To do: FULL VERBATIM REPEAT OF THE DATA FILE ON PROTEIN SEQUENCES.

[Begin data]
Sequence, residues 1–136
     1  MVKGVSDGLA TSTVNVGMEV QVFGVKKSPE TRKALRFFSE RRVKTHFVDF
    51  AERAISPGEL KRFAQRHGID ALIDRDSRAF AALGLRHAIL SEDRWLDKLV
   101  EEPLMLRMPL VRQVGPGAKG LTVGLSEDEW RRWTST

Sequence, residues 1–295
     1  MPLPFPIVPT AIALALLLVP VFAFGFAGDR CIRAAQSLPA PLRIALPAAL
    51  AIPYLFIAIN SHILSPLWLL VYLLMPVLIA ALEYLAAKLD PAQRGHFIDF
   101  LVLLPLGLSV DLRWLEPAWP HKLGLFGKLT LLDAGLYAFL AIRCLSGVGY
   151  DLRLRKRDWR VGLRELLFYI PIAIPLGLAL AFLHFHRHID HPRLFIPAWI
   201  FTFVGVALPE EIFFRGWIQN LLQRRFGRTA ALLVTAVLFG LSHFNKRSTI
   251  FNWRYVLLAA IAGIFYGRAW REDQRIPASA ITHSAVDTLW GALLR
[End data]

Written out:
Sequence, residues 1–136
     1  MVKGVSDGLA TSTVNVGMEV QVFGVKKSPE TRKALRFFSE RRVKTHFVDF
    51  AERAISPGEL KRFAQRHGID ALIDRDSRAF AALGLRHAIL SEDRWLDKLV
   101  EEPLMLRMPL VRQVGPGAKG LTVGLSEDEW RRWTST

Sequence, residues 1–295
     1  MPLPFPIVPT AIALALLLVP VFAFGFAGDR CIRAAQSLPA PLRIALPAAL
    51  AIPYLFIAIN SHILSPLWLL VYLLMPVLIA ALEYLAAKLD PAQRGHFIDF
   101  LVLLPLGLSV DLRWLEPAWP HKLGLFGKLT LLDAGLYAFL AIRCLSGVGY
   151  DLRLRKRDWR VGLRELLFYI PIAIPLGLAL AFLHFHRHID HPRLFIPAWI
   201  FTFVGVALPE EIFFRGWIQN LLQRRFGRTA ALLVTAVLFG LSHFNKRSTI
   251  FNWRYVLLAA IAGIFYGRAW REDQRIPASA ITHSAVDTLW GALLR